Walckner Law Office
Attorney James Walckner
A driver’s blood alcohol concentration (BAC) can be reliably measured using a breath or blood sample. Presenting a winning defense requires a comprehensive understanding of the science behind these readings.
Alcohol in the Body
Alcohol is absorbed into the body’s blood stream when a person drinks alcoholic beverages. The rate alcohol is absorbed is affected by the health of the person, the amount and type of stomach contents, and the amount of alcohol in a drink. This process of ingesting alcohol and it traveling to the bloodstream is referred to as the Absorption phase.
Alcohol is water soluble, meaning it is drawn to water. Once in the blood stream, alcohol is distributed in proportion to the water content of the body’s tissues. This is known as the Distribution phase. This is the reason alcohol tends to affect smaller people more than larger people, and women more than men. Here’s why: A person weighing twice as much as another has twice as much water in the body. The same amount of alcohol is dispersed more in the heavier person, causing it to have less affect. The same science explains the affect of alcohol on men versus women. Men have 68 lbs. of water for every 100 lbs. of body weight. Women have 55 lbs. of water per 100 lbs. of body weight. This means alcohol is dispersed more in men, reducing the concentration and giving it less effect.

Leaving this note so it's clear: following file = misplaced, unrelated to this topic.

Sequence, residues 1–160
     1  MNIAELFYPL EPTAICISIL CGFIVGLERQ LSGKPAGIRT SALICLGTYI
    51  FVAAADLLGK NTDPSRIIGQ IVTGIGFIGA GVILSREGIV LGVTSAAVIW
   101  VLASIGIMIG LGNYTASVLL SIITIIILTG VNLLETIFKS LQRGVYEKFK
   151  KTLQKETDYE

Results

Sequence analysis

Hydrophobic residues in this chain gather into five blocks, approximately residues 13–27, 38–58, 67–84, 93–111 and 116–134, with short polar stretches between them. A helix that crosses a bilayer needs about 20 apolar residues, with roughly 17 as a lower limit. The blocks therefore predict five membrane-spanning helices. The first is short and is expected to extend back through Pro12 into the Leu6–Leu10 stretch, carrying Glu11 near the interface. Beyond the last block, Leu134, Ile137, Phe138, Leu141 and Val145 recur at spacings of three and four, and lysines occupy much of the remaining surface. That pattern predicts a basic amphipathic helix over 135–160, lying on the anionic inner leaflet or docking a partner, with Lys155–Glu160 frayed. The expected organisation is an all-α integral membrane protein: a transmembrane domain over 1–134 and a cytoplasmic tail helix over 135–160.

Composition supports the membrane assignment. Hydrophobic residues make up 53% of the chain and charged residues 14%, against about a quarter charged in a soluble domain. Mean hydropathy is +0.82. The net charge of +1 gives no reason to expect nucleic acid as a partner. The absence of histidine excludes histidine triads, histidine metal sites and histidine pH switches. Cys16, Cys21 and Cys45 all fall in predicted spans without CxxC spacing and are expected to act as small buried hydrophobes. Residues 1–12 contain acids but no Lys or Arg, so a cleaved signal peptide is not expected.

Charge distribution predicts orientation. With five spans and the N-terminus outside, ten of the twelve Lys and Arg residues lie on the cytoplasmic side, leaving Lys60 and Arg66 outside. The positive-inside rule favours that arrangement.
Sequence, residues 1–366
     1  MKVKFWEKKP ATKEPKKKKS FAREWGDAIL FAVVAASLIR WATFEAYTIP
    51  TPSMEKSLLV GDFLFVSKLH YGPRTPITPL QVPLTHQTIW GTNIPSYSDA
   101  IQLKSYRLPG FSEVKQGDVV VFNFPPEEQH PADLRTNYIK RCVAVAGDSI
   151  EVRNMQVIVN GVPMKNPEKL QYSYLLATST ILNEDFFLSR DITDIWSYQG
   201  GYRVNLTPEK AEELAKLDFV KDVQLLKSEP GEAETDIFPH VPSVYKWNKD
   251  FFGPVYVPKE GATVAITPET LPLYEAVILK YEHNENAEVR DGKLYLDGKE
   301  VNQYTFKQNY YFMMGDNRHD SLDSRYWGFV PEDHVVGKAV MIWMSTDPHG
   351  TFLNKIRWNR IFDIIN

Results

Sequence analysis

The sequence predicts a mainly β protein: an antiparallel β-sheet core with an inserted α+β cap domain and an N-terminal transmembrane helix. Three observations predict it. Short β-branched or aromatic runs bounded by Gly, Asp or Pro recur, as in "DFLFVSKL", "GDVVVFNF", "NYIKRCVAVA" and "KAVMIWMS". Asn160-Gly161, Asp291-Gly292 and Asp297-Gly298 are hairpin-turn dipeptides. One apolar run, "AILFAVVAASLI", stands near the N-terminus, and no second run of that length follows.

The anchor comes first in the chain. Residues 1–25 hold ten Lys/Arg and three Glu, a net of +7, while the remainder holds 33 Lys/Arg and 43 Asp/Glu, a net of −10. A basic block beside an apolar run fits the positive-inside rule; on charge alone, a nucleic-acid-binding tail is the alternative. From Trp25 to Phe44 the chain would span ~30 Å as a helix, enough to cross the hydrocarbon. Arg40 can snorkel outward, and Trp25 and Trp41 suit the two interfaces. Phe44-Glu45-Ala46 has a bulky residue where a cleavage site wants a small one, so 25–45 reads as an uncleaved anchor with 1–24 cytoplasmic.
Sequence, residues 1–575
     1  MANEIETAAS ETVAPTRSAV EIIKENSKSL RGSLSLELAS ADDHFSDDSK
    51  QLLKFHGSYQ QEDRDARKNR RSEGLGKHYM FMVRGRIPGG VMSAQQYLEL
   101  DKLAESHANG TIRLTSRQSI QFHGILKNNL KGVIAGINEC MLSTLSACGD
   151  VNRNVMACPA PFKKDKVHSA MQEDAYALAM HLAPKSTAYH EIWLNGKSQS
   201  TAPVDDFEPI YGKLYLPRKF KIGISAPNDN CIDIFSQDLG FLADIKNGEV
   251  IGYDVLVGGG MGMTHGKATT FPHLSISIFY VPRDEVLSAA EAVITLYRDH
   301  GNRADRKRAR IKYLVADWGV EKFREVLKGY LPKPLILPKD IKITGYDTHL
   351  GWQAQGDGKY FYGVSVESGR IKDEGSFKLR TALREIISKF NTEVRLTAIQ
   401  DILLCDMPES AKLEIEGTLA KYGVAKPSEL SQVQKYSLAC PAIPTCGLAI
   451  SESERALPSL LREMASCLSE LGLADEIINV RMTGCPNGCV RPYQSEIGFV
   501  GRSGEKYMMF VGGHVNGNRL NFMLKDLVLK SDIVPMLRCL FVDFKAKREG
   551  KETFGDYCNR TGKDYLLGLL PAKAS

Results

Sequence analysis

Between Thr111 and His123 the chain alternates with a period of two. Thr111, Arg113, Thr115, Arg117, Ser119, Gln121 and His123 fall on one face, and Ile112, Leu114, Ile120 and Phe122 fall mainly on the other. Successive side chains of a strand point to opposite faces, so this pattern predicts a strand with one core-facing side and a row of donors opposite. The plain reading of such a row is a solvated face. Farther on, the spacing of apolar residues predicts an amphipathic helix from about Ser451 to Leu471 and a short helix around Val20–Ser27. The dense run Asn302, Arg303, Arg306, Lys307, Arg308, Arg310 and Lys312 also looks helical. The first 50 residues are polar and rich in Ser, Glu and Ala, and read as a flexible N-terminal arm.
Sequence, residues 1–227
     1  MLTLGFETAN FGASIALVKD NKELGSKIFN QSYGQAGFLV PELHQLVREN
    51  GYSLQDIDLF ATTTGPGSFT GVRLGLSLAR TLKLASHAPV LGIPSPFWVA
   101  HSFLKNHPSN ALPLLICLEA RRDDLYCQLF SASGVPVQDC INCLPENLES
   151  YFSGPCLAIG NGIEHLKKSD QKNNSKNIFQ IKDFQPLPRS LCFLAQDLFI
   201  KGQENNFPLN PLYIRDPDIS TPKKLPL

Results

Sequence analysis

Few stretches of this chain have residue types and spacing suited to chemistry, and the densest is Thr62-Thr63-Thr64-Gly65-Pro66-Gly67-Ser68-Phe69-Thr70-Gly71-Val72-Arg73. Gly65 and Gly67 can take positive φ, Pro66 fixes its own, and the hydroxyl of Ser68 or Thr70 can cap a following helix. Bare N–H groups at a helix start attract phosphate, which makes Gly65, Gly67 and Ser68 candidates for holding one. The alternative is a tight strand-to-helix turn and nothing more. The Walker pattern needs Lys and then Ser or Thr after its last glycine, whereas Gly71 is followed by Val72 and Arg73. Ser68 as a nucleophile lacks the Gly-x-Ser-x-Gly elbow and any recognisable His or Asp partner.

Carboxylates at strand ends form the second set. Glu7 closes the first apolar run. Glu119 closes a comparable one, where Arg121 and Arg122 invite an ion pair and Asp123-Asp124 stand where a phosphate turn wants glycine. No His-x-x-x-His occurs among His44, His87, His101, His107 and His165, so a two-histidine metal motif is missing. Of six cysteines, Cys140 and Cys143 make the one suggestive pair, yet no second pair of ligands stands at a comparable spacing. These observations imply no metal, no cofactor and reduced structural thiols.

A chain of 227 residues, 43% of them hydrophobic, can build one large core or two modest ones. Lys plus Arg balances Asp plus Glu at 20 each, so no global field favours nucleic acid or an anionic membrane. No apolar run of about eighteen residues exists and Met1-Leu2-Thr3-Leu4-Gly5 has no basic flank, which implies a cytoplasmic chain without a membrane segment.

The body eliminates most alcohol through the liver. A person’s blood alcohol concentration begins to decrease when the absorption rate falls below the elimination rate. Drinking coffee, exercising, or eating food does not cause the liver to work faster or accelerate the elimination process.
Retrograde extrapolation is the process of predicting what an alcohol concentration was earlier based on a BAC reading obtained later. This becomes especially important in cases where there was a delay of more than three hours in obtaining the breath or blood sample. A significant amount of information is necessary to calculate a person’s BAC at the time of offense using this method. Put simply, a toxicologist utilizes a formula that adds the amount of alcohol eliminated from the body to the BAC reading. An OUI defense attorney can complicate a prosecutor’s case by arguing a driver had not been far enough along in the body’s processing of alcohol to cause impairment at the time of offense when there is a delayed BAC reading. In simpler terms, a person is not impaired immediately after ingesting alcohol; the body must begin the distribution phase to become affected, and that takes time.
How Breath Test Instruments Work
The liver eliminates most alcohol from the body. The remainder is eliminated through sweat, bodily fluids, and exhalation. The breath contains evidence of alcohol ingestion in people who consumed alcohol. There is a relationship between the amount of alcohol in a person’s blood and the amount of alcohol contained in expired air. The ratio of alcohol in a person’s breath to alcohol in the blood is approximately 1:2100. Breath test instruments use infrared light that is absorbed by alcohol molecules in the breath. The relationship between the amount of light that passes through the breath sample and the amount of light absorbed by alcohol molecules allows for a calculation of a person’s BAC.
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